Silicon Valley may soon have to change its name, as the days of using silicon to create computer chips could be numbered thanks to the work of a Stanford University-led team of scientists. By using nanomaterials – meaning materials measuring less than 100 nanometers in at least one dimension – the researchers have managed to create a new type of chip that they say can operate up to 1,000 times more efficiently than silicon chips.
An upcoming paper in a special edition of the journal IEEE Computing entitled "Rebooting Computing" will provide details of the new Nano-Engineered Computing Systems Technology, or N3XT. The project, which involves the collaboration of three other universities, was born out of a need to overcome the current shortcomings of silicon computer chips.
Due to the fact that these can only be manufactured at temperatures of around 982°C (1,800°F), it is not possible to stack new chips on top of existing ones without damaging the lower layers. Consequently, silicon chips are always designed on single layers, connected by wires.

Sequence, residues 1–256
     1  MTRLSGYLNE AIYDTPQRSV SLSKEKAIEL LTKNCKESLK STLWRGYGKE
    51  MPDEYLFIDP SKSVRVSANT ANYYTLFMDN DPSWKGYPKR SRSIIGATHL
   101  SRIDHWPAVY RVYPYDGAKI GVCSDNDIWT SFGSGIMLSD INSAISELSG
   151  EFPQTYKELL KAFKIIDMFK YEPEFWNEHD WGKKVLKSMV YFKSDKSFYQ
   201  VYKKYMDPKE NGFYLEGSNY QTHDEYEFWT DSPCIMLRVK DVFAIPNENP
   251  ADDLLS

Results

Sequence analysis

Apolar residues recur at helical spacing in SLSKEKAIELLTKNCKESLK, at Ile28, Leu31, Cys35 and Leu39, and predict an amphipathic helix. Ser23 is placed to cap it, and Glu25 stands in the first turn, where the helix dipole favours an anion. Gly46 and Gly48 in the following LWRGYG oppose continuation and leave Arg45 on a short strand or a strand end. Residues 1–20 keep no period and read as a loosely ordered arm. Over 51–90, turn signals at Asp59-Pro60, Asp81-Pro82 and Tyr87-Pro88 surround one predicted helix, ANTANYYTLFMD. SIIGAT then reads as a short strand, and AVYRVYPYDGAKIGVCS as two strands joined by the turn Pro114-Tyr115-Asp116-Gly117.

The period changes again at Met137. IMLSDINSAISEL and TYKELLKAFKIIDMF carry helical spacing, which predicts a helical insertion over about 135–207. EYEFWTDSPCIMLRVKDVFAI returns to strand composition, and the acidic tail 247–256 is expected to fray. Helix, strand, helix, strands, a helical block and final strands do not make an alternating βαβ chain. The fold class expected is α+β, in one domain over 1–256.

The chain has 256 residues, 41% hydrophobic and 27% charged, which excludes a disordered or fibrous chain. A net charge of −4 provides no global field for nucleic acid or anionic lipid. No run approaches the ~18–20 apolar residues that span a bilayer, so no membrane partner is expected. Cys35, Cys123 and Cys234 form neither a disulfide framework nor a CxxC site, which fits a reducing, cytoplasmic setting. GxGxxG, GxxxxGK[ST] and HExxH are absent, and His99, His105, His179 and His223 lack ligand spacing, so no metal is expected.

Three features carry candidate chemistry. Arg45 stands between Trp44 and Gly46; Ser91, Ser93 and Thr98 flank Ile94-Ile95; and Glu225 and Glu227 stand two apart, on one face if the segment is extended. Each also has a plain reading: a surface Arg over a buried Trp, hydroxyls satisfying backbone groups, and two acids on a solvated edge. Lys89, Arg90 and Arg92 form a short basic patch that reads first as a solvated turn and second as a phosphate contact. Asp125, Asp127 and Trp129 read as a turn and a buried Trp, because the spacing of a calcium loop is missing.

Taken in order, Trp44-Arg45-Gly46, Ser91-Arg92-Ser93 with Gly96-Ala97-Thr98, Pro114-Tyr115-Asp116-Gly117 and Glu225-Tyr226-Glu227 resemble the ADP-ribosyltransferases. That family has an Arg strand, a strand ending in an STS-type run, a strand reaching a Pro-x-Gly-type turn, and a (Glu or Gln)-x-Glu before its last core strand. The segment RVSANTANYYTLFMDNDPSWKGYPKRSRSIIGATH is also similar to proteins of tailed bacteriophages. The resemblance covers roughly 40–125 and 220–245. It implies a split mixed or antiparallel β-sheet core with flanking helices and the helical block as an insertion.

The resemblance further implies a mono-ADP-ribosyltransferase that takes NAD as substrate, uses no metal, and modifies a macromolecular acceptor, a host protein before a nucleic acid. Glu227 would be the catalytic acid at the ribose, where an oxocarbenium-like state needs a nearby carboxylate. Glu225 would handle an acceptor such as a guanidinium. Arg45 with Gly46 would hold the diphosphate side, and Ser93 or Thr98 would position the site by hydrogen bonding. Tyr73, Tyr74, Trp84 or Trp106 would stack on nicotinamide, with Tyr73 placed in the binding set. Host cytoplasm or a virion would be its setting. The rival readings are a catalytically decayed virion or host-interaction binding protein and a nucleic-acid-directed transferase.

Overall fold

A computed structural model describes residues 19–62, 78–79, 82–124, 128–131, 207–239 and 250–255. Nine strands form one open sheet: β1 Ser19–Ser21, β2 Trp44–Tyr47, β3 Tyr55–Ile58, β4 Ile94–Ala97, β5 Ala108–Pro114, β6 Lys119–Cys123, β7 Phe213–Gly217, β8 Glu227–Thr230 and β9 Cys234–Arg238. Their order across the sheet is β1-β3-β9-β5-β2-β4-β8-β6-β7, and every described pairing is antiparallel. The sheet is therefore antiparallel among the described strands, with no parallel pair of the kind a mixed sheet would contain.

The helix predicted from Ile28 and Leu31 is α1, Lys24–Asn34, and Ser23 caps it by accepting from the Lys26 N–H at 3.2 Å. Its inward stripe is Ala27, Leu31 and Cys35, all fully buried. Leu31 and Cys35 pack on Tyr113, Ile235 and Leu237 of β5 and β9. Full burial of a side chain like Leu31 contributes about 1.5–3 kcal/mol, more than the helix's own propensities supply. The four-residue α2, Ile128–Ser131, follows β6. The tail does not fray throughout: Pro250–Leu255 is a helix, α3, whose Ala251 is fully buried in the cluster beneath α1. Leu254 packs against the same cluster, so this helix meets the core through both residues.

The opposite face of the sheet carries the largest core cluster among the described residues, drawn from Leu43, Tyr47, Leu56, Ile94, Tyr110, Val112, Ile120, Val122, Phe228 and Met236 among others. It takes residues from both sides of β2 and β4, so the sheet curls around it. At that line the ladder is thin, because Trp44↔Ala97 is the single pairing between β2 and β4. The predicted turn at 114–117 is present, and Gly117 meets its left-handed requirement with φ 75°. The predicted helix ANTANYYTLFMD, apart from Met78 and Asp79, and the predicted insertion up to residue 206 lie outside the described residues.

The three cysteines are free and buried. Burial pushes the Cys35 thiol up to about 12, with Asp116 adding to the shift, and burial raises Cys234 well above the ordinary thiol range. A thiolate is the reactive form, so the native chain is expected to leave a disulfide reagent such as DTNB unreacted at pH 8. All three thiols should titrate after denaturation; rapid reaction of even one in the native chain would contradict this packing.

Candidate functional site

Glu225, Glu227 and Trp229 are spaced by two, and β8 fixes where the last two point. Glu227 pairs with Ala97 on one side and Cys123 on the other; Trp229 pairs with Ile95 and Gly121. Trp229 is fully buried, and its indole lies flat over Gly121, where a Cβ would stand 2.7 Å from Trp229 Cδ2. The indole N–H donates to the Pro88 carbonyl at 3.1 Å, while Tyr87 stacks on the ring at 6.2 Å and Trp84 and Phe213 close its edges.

However, this means that information must often travel over longer distances than necessary, thereby wasting energy. For this reason, the team sought to create a new type of multi-story chip, which would allow the transfer of data across much shorter distances.
An illustration of the chip. Subhasish Mitra and H.-S. Philip Wong
Using materials more advanced than silicon, they were able to create circuit boards at temperatures low enough for multiple layers to be manufactured on top of one another. This means that rather than traveling across multiple chips in order to get from point A to point B, data can now simply jump between chips via tiny electronic "elevators" called vias.
These are also significantly more advanced than the current mechanisms used to regulate the flow of information in silicon chips. Traditionally, this is achieved using transistors, which are like switches that either allow signals to flow or block them, thereby transmitting information in the form of ones and zeros.
Yet N3XT chips use carbon nanotube transistors (CNTs), which are faster and more energy-efficient than silicon transistors. The end product is a significantly more powerful type of computer chip, as explained by study co-author H.-S. Philip Wong, who said in a statement that “when you combine higher speed with lower energy use, N3XT systems outperform conventional approaches by a factor of a thousand.”